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Rated: E · Short Story · Food/Cooking · #1757638
They're whispering that "2009" could be one of the best Bordeaux vintages ever!
Something very important is being whispered about from person to person in alleyways, side streets, over cups of strong sweet coffee at the Ortakoy Princell Hotel in Istanbul; in lofts between sheets (of course); in the Eiffel Tower elevators; over lunch at Chez Marcel in the Marais district; in Mayfair it's mentioned rather matter-of-factly by one's tailor on Savile Row, don’t you know; at a private club over a scotch and soda and the Financial Times; by Emile, your doorman on Park Avenue, along with a wink and a nod of approval; perhaps by that lady at 53rd and Madison, the one with those two yappy poodles; or maybe overheard above the persistent techno beat at the "Propaganda" on Bolshoi Zlatustinsky 7 in Moscow. But what is going on?? What's being whispered? Simply put it's all about "2009." Was that a code signaling troops moving in the Urals, was it a Panzer division spotted crossing the border, was it a code that when matched to the Cyrillic alphabet would reveal a spy operation? Maybe it just stood for a newer version of Windows (please no..)?

Wrong all you aspiring Sherlock Holmes. “Ahh, but of course the great detectives do not see perhaps that when the first and last numbers are added and year repeated and transposed you get 11 00 92 0902 which represents a very special telephone number belonging to someone living in the business district of Turin, Italy and there my friends we will find the answer to our whispering mystery, sans doute non?”  Wrong, Inspecteur Clouseau, join the other Sherlock wanna-be's. You are all benched for the season.

The 2009 whispering frenzy refers to a most anticipated banner year for French Bordeaux's. Some well placed wags who must obviously drink a lot, have decreed that it will surely surpass 2005 and in fact may go down as being the best in living memory, thanks to last year's perfect conditions of a wet spring and hot summer. Growers, a temperamental and suspicious lot in the best of times, are themselves becoming increasingly convinced that 2009 may be as good as the near-perfect 2005 vintage-if not better; the mix of nice warm days but cool, dry nights in the final days before grape picking began was the finest since 1949. That's stepping out on a grapevine limb. I tried remembering what the wine was like in 1949 and honestly didn't have a bit of luck. Apparently, for this go around at least, the cool nights stopped the grapes from over-ripening and added sophistication. July and August were ideally hot and sunny. Then just when drought threatened to stop the grapes from ripening and developing crucial tannins to help age the wines, the rains came. It sounds almost poetic.

My friends the Chinese, who have replaced tea with Bordeaux as their national drink of choice are not ones to sit idly about when there is money to be made off so many Capitalist running dogs; predictably, they are already trying to corner the market on the '09 vintage and already with some limited success. “Let a million vineyards grow”, that's my motto for the wine industry. But I am also philosophical, carefully pragmatic and look towards the future. This rush from Asia can only lead to driving up the prices on the Bordeaux beauties. I see a time when there will be little flags fluttering all across the People's Provinces of France and a fortune cookie in French served after every meal. From the United States, there should be a Congressional panel to look into this - whatever "this" really is. I'm just thinking that it would be darn nice to see Congress finally do something meaningful about an issue that I really care about - good red wine rather than waste their time developing meaningless political sound bites about all their hard work for consumption by an increasingly gullible public. To our British cousins perhaps those who follow the goings-on in Parliament might agree from their vantage point as well. I do enjoy sticking it to some things as you may have noticed.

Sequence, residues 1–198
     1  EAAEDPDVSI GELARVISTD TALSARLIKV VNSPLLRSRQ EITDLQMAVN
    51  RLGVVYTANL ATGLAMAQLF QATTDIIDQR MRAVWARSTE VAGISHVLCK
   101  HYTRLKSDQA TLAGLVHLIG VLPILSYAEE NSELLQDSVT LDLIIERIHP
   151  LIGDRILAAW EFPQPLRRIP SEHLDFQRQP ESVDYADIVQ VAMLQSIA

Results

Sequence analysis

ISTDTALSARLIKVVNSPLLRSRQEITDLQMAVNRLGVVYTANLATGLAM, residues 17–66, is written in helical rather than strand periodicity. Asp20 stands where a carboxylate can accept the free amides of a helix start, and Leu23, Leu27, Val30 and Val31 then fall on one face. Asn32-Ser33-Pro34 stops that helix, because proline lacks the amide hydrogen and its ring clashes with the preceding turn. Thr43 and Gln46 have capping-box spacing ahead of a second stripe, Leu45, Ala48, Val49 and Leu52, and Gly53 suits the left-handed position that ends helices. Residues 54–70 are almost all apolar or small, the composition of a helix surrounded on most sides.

Playing the futures game is quite possibly a reasonable approach to obtaining some decent priced wines that will more than likely increase in price in the future. The upside, say as an example you buy a case of Saint-Emilion at a per bottle price of US $14.00. At some point in 2011 you will get the call (not a margin call – those are the ones you run from) that the 2009's have made their appearance and please come and pick up you stash, your loot. With a little research you see that your wine is now selling for US $22.50, nice now you’re adding value. You can drink it now, if you must, or you can place it in your cellar for another 5 years at which time you will be enjoying a nicer, more mature and far more expensive vintage. Or you could also wait to give it to your children in the sure and certain knowledge they will be having one heck of a party and thanking the old man, the minute you are, well “down under.” One little word of caution (yes I’m sorry) there is a downside to all of this and that is you buy your wine, you decide like a wise wine investor that you hope you are, to hold on to it and when it is time to uncork you find it turns out to be, well, not as grandiose as some of the “experts” were saying. Still not a bad deal after all, I mean it’s not like buying a bottle of 1787 Chateau Lafitte for a princely sum only to find it was well, remarkably like vinegar itself. There you go a crash course in wino economics 101. Whine all you want but I encourage you to investigate. Listen to the whisper!
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